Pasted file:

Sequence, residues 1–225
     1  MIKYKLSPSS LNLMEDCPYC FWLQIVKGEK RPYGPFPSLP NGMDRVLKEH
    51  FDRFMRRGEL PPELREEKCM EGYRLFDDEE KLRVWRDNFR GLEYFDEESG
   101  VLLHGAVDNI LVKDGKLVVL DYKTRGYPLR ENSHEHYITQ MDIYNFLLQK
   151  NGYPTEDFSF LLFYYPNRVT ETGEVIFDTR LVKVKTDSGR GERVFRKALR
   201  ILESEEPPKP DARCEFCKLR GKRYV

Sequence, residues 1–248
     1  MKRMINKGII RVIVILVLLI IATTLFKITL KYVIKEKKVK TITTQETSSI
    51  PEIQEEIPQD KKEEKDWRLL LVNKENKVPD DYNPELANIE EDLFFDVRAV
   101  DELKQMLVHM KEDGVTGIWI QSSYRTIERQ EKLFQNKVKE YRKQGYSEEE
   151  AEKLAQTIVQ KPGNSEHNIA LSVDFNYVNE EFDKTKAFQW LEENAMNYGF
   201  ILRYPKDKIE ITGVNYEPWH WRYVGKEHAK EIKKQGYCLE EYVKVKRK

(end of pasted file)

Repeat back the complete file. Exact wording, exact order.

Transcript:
Sequence, residues 1–225
     1  MIKYKLSPSS LNLMEDCPYC FWLQIVKGEK RPYGPFPSLP NGMDRVLKEH
    51  FDRFMRRGEL PPELREEKCM EGYRLFDDEE KLRVWRDNFR GLEYFDEESG
   101  VLLHGAVDNI LVKDGKLVVL DYKTRGYPLR ENSHEHYITQ MDIYNFLLQK
   151  NGYPTEDFSF LLFYYPNRVT ETGEVIFDTR LVKVKTDSGR GERVFRKALR
   201  ILESEEPPKP DARCEFCKLR GKRYV

Sequence, residues 1–248
     1  MKRMINKGII RVIVILVLLI IATTLFKITL KYVIKEKKVK TITTQETSSI
    51  PEIQEEIPQD KKEEKDWRLL LVNKENKVPD DYNPELANIE EDLFFDVRAV
   101  DELKQMLVHM KEDGVTGIWI QSSYRTIERQ EKLFQNKVKE YRKQGYSEEE
   151  AEKLAQTIVQ KPGNSEHNIA LSVDFNYVNE EFDKTKAFQW LEENAMNYGF
   201  ILRYPKDKIE ITGVNYEPWH WRYVGKEHAK EIKKQGYCLE EYVKVKRK